If you’re familiar with personal finance personality, radio show host, author, and entrepreneur Dave Ramsey, you know that if he’s anything – he’s opinionated. And Dave has three firm opinions about life insurance –
- What type you should buy
- How much you need
- Where you should buy it
This article is going to look closely at all three of Dave’s opinions objectively and let you be the judge if he’s on target or not. You’ll benefit from reading this if you’re currently in the market for life insurance or will be in the future, if you already own life insurance and want to be sure you’re properly positioned, or you just want to get more familiar with Ramsey’s position on life insurance.
Let’s start at the beginning.
Table of Contents
According to Dave Ramsey, what type of life insurance should you buy?
Spoiler alert – Dave Ramsey believes you should ALWAYS buy level term life insurance. In a minute, we’ll look at why, but let’s first look at the other types of life insurance Ramsey has examined, what they are, and why he believes they’re a poor choice.
Permanent life insurance – like term life insurance, permanent life insurance is a category of life insurance that contains different types of life insurance policies. Let’s look at those types, how they’re structured, and what Ramsey thinks of them (another spoiler – Ramsey doesn’t hate all of them).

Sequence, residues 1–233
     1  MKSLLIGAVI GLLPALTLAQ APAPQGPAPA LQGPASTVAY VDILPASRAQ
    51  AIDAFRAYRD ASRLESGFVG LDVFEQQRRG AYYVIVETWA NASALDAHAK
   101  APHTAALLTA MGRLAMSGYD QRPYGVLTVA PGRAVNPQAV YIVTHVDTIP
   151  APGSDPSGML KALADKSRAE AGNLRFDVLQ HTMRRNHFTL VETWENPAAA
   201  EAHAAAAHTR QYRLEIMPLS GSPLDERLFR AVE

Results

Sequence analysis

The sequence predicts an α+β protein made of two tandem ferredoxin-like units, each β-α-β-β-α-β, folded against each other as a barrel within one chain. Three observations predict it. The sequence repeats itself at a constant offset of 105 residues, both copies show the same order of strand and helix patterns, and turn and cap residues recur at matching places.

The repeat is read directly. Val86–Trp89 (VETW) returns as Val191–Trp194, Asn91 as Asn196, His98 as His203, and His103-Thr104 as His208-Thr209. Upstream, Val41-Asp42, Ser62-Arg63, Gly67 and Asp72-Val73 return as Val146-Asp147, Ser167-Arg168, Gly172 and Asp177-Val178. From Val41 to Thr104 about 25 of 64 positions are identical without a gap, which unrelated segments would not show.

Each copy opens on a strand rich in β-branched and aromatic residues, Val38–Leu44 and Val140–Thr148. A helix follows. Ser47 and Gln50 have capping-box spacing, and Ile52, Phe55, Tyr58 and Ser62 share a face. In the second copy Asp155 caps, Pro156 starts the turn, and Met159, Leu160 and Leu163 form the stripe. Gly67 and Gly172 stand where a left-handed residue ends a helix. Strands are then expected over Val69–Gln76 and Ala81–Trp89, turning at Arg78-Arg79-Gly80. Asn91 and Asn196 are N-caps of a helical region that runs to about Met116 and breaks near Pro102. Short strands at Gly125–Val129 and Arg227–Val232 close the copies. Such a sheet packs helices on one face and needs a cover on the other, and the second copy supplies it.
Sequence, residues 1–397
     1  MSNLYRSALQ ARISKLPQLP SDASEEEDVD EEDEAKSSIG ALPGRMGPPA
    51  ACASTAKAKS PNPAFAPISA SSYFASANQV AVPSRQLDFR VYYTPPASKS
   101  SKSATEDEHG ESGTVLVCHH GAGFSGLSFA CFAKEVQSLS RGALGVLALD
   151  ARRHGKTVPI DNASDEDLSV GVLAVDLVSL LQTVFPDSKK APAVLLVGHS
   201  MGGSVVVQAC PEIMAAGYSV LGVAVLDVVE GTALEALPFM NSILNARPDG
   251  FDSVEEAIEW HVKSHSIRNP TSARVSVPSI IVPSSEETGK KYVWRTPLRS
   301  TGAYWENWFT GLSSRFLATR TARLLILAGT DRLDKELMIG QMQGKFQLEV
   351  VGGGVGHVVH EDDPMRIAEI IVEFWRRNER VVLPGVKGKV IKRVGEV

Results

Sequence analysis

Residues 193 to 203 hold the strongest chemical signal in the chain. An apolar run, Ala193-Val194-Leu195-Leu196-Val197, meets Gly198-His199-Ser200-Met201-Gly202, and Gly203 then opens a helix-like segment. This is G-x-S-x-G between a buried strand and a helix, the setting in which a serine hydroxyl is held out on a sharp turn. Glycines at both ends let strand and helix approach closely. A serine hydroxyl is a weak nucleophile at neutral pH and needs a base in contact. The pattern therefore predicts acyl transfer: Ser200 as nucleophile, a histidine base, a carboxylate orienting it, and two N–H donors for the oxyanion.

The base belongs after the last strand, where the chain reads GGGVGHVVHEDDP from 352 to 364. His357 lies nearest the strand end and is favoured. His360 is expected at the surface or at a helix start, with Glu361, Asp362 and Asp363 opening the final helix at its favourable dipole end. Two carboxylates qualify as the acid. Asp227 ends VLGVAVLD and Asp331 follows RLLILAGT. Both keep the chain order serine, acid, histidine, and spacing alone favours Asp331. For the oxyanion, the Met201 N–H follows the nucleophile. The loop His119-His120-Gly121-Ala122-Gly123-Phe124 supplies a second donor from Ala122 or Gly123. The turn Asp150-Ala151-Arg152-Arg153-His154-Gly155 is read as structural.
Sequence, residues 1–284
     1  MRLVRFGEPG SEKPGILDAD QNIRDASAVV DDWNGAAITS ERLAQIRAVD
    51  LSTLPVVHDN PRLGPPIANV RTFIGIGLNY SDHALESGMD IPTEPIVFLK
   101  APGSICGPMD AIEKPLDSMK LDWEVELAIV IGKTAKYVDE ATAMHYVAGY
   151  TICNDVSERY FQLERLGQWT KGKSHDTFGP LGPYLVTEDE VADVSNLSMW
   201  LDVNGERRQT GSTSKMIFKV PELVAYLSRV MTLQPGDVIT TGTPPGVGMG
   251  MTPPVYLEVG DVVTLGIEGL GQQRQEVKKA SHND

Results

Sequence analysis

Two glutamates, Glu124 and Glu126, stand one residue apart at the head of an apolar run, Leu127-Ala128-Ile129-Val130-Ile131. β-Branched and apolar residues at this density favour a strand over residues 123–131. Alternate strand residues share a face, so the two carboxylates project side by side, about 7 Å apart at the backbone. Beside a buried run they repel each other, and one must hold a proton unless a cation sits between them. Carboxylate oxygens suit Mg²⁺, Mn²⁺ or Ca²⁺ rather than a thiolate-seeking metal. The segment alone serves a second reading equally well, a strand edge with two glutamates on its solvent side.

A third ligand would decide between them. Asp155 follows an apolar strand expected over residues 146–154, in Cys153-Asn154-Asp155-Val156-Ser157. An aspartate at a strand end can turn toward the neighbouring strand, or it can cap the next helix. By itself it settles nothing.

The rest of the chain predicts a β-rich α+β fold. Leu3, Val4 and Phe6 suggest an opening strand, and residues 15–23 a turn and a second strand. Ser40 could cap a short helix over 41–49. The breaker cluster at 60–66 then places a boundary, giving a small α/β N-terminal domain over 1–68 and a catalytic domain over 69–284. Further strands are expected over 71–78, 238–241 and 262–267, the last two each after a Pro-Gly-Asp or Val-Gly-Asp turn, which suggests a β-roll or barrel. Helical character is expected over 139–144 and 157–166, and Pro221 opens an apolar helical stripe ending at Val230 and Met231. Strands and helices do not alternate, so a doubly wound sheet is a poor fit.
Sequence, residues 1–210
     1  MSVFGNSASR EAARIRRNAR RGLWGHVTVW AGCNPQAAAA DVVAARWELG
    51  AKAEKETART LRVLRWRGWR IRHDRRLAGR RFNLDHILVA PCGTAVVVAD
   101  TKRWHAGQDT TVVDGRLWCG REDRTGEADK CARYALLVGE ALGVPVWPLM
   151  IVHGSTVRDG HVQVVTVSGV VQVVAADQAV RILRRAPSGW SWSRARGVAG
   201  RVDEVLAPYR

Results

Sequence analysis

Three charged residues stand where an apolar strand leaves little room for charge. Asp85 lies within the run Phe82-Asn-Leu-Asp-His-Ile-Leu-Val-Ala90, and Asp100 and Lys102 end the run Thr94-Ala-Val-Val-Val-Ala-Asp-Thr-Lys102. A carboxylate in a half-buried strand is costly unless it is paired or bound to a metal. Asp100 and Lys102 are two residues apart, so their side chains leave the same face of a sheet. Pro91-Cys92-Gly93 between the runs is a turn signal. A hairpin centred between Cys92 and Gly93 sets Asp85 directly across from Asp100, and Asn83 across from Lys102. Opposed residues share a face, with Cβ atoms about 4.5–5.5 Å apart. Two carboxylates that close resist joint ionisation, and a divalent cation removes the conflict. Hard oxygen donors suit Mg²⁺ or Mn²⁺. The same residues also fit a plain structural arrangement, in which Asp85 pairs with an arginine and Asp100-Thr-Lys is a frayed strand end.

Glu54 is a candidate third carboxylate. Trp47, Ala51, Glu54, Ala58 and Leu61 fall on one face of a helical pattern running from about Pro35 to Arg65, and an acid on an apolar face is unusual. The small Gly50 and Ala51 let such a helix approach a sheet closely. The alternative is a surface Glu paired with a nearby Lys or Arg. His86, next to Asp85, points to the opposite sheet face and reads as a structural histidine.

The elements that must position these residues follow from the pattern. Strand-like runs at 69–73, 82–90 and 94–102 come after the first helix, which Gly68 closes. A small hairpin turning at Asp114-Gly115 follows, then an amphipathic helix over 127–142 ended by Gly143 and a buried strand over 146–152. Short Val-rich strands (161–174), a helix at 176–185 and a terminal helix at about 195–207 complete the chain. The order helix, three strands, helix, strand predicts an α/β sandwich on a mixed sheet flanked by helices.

Whole life insurance:
Whole life insurance is a type of permanent life insurance that stays in force your whole life (hence the name). Your rates won’t increase, and the policy won’t expire as long as you pay your premiums.
There are two components to whole life insurance. First, there is the life insurance death benefit. When you die, the life insurance company will pay the death benefit to your beneficiaries, minus any outstanding policy loans you may have taken out.
Second, there is the cash value component. A portion of every premium dollar you pay goes toward the cash value, which operates similar to a bank savings account. The insurer sets a guaranteed interest rate that is credited to the cash value, which helps it grow over the years. The cash value can be withdrawn (subject to penalties in the earlier years of the policy) or borrowed.
What Dave Ramsey thinks: simply put, Ramsey has called whole life insurance a “rip-off.” He believes life insurance should only provide a death benefit and not be used as a savings vehicle.
Ramsey believes everyone should save money, just not through a life insurance policy. He said he’s done the math, and you’d be better off buying a term life policy and putting the money that would have gone into a whole life policy’s cash value into a mutual fund with the potential to provide a much higher rate of return.
Universal life insurance: